In contrast to the situation for multicellular organisms, growth of biomass and reproduction are tightly coupled processes in unicellular organisms, since every cell division yields a new individual. This also applies to cells originating from multicellular organisms that have compromised growth control mechanisms, like tumour cells and cell lines. The rate of growth is an important factor in the long‐term reproductive success of such cells. Mutants, which are able to regulate their cellular composition and metabolism in response to environmental conditions in a way that increases their growth rate under the given conditions, will outnumber their siblings. This is clearly the case under conditions of constant nutrient supply, but numerical dominance also provides an important fitness advantage under fluctuating nutrient supply, because it improves the odds for the mutant genotype to survive starvation and colonize new resources.
Clearly, an organism cannot be optimally adapted to all possible environmental conditions. This is the reason why mutants with higher growth rates than the parental strain can be obtained in the laboratory using a chemostat or by repeated dilution in batch cultures (Helling et al, 1987; Mikkola and Kurland, 1992; Vasi et al, 1994; Ibarra et al, 2002; Dekel and Alon, 2005). However, the fact that these mutants are obtained within a few hundred to thousand generations, a brief period on an evolutionary scale, demonstrates that the selective pressure on growth rate is high under these circumstances. Consequently, growth rate maximization forms a rational basis for explaining growth strategies used by unicellular organisms. Certainly, objectives other than maximizing growth rate exist, such as being able to survive periods of starvation. However, strategies that increase the growth rate and those that improve the survival of starvation periods may develop relatively independently. For example, sporulation in the stationary phase of a culture may only have a minor effect on the growth rate of that same culture during the exponential phase. Some burden on growth probably exists because sporulation genes have to be replicated, and some sensory proteins have to be expressed. But these will have at most a quantitative effect and not a qualitative effect on the general types of growth strategies that are the focus of this paper.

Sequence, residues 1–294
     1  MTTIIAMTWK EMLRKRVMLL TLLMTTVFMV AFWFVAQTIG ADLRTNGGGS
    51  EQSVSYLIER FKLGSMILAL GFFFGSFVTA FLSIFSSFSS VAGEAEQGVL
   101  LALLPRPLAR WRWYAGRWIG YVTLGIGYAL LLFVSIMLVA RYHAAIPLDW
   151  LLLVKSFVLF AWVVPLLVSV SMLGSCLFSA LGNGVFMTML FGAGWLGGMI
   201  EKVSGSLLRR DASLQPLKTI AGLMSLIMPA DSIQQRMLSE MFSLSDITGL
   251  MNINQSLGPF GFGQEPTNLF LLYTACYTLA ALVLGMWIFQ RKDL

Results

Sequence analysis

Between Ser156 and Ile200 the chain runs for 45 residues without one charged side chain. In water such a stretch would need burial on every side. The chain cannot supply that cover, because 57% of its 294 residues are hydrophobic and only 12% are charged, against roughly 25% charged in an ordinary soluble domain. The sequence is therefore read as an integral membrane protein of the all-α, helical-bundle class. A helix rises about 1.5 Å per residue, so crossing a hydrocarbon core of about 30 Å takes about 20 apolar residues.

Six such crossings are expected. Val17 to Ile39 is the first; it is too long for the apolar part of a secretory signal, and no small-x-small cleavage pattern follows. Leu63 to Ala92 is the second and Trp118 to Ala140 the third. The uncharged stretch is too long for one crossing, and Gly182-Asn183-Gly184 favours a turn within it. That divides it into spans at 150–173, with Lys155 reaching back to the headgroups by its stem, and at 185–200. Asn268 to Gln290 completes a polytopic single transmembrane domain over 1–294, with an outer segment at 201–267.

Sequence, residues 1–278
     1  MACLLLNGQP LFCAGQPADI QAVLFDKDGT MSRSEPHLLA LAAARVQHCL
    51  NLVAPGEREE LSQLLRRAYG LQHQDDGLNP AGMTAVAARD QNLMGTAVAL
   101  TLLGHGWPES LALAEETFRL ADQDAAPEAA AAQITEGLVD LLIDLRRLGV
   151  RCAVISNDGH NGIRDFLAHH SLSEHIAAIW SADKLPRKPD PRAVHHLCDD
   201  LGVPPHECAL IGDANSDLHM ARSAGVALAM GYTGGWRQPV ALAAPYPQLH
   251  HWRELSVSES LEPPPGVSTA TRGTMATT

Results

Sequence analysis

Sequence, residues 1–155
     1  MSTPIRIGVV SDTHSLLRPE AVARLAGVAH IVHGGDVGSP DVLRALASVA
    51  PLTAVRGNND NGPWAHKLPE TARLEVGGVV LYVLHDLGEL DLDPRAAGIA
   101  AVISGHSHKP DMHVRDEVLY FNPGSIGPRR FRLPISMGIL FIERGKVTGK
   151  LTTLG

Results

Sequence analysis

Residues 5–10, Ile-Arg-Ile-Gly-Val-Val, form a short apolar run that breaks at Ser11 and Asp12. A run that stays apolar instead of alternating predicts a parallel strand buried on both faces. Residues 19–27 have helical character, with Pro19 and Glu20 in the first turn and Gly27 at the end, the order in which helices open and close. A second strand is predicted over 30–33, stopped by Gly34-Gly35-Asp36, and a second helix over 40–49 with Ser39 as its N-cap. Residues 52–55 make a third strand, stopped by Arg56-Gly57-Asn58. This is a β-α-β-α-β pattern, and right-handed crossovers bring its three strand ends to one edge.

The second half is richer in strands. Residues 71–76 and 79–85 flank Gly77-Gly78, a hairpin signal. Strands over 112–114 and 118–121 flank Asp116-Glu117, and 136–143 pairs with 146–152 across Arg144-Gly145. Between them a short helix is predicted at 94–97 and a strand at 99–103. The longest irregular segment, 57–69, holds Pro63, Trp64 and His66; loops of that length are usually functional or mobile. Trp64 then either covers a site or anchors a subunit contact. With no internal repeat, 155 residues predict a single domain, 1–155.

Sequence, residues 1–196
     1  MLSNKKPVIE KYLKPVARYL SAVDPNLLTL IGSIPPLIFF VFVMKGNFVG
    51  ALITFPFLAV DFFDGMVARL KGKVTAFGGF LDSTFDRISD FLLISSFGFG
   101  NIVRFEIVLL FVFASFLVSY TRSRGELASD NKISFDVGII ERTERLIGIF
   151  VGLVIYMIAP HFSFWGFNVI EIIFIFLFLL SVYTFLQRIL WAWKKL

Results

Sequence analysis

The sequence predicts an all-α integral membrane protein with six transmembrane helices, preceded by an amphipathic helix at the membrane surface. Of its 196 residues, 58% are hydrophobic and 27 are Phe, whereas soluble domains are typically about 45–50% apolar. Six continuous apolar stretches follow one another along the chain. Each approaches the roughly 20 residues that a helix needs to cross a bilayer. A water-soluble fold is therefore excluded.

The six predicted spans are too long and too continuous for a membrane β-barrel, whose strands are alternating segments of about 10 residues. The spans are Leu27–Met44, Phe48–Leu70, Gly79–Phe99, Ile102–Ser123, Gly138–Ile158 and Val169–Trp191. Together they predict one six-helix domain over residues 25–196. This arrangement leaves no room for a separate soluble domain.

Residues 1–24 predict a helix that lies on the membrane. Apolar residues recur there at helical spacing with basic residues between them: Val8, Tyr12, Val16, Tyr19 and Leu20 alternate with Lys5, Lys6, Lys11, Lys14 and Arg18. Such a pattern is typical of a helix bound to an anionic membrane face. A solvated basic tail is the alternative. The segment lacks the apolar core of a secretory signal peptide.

Current growth models and their limitations
The idea that the growth rate, or objectives related to growth rate, may be maximized has been successfully applied in theoretical models of microbial growth to predict experimentally observed growth strategies related to gene expression (Dekel and Alon, 2005) and global metabolic phenomena (Pfeiffer et al, 2001; Kauffman et al, 2003). The latter are the subject of this section. A well‐known modelling framework that has gained quite some momentum comprises the so‐called genome‐scale models of metabolic networks (Price et al, 2004). These metabolic models are constructed using genomic and biochemical knowledge of a particular organism. Within this framework, flux balance analysis (FBA) has become a popular tool to predict optimal global metabolic flux distributions (Kauffman et al, 2003). Successes of the FBA approach were, for example, the demonstration that flux profiles in Escherichia coli growing on acetate or succinate are optimal for growth rate, and the prediction of flux profiles in E. coli adapting in an evolutionary experiment to growth on glycerol (Edwards et al, 2001; Ibarra et al, 2002). Despite the successes, these models fail to explain a class of phenomena known as overflow metabolism (Neijssel and Tempest, 1976) from first principles, that is, without imposing multiple measured fluxes as constraints on the models.